Last week, House Budget Committee Chairman Paul Ryan said, "We don't think the generals are giving us their true advice" on the defense budget.
What is the significance of this tension between belt-tightening and increased military spending?
Gordon Adams, international relations professor at American University, wrote in Time magazine that the Wisconsin Republican was "suggesting that either the military leadership was lying -- in saying they could live with $487 billion less over the next 10 years than they had previously hoped for -- or that they had somehow been muzzled by the White House and were just singing to a common hymnal, scripted for the occasion."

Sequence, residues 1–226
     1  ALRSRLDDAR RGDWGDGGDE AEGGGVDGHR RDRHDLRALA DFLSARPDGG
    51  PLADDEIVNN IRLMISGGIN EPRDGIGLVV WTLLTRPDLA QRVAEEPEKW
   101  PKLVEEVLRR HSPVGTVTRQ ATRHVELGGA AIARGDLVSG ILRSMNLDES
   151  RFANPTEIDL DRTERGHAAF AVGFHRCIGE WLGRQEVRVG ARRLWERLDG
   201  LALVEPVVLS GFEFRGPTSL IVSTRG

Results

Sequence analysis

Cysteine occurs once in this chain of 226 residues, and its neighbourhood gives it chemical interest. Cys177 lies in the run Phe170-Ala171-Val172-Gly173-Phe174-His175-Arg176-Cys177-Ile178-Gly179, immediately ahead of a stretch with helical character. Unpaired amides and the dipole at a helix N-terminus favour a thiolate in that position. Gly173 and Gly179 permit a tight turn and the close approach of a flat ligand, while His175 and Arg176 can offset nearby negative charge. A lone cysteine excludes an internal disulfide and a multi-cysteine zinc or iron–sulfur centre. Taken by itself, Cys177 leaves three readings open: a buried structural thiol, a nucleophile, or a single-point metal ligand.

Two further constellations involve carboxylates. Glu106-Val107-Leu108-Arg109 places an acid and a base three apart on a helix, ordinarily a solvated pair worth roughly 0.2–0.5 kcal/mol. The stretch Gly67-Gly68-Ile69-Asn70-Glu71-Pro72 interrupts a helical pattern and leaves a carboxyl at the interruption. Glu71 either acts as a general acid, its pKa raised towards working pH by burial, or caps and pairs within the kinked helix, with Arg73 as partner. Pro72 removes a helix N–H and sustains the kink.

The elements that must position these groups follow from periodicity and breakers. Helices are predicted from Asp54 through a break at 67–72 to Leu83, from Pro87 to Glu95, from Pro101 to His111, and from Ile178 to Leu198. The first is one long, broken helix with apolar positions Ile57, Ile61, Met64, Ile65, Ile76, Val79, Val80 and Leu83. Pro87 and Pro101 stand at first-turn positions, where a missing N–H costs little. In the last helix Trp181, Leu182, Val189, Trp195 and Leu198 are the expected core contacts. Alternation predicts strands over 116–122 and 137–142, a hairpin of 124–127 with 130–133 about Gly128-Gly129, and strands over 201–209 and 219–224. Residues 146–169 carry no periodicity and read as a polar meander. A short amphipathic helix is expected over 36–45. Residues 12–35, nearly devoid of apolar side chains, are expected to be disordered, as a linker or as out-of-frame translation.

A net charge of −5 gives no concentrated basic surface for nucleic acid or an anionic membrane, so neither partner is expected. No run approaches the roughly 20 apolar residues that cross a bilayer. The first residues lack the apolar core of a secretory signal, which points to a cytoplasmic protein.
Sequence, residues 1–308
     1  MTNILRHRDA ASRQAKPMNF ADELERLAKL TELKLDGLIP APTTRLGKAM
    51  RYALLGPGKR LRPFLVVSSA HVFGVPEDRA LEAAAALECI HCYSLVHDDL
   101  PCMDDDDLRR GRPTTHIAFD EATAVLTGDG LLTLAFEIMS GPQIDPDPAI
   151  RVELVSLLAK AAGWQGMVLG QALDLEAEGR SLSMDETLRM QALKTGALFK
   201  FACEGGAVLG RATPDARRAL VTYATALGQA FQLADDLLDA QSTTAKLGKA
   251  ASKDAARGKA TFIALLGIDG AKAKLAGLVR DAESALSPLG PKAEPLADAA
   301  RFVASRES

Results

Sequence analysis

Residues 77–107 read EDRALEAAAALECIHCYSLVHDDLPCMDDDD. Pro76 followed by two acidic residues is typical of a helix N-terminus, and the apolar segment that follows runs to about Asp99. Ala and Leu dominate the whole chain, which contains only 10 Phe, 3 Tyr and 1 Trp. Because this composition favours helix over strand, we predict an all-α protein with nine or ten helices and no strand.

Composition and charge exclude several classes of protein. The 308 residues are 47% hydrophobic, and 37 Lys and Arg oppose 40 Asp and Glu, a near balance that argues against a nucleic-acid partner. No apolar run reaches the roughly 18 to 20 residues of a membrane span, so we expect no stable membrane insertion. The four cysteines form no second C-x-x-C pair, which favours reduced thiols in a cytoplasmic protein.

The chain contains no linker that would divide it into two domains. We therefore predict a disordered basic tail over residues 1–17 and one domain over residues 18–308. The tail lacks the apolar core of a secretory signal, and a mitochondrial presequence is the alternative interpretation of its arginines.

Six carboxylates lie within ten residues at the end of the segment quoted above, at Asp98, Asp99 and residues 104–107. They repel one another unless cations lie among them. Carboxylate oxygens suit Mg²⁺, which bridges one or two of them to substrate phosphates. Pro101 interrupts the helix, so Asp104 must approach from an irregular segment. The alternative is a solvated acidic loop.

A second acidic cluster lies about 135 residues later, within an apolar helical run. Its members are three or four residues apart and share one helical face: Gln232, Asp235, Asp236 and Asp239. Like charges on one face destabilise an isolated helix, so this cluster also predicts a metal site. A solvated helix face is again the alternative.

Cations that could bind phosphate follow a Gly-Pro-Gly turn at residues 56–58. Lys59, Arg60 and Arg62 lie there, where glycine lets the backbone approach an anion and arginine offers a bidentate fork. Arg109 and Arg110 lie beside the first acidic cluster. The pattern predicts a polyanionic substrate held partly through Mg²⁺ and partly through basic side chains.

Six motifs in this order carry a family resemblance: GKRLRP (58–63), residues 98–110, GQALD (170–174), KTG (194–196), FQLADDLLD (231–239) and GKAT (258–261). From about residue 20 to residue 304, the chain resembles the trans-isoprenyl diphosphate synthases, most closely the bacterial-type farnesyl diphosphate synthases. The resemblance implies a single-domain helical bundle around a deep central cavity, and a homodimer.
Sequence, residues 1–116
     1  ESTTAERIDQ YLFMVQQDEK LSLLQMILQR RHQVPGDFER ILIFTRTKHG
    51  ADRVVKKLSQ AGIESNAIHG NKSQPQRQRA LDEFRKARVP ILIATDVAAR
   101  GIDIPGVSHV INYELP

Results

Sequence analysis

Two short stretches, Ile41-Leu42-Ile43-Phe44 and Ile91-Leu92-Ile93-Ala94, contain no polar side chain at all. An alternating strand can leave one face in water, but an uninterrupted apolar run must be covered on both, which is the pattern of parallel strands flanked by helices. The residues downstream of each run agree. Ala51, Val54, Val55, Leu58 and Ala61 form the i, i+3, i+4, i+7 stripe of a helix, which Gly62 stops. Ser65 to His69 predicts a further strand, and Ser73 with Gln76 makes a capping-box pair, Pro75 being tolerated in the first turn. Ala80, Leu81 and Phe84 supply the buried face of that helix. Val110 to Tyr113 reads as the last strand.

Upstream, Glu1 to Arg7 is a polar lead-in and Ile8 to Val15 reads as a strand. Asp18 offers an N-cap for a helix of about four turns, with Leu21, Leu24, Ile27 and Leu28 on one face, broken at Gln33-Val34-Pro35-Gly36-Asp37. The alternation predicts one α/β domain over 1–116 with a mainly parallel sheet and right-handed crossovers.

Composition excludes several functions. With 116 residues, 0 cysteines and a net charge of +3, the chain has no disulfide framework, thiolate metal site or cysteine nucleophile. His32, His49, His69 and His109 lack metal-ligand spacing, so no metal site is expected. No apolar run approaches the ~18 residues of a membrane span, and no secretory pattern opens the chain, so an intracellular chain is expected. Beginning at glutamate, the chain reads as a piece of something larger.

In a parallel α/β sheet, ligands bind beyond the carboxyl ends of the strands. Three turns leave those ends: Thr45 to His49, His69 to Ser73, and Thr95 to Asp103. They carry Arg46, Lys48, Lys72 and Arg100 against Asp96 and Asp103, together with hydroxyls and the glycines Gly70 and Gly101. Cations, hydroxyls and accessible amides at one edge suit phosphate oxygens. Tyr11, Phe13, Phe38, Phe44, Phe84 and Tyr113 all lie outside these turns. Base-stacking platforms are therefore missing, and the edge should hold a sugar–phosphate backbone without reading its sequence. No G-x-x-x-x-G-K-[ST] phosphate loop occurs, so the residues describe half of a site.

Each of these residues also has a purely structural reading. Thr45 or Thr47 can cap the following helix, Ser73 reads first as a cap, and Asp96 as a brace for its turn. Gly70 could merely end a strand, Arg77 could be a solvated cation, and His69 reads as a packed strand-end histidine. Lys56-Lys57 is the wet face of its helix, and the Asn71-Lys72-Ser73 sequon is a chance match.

Adams will join The Daily Circuit Monday to talk about Ryan's remarks. Kevin Baron, National Journal national security staff writer, will also join the discussion.
"It would be unfair if Ryan is the only one to come under attack for expressing a sentiment that is essentially the foundation of the defense-spending positions held across the Republican Party," Baron said in the National Journal. "Presidential candidates Mitt Romney, whom Ryan endorsed on Friday, and Rick Santorum, as well as House Speaker John Boehner, R-Ohio, who endorsed Ryan's budget, and John McCain, of Arizona, the leading GOP defense voice in the Senate, all want a bigger defense budget than the Pentagon requested."
Although they are framed as cuts, it's really just a reduction in how much military spending will grow.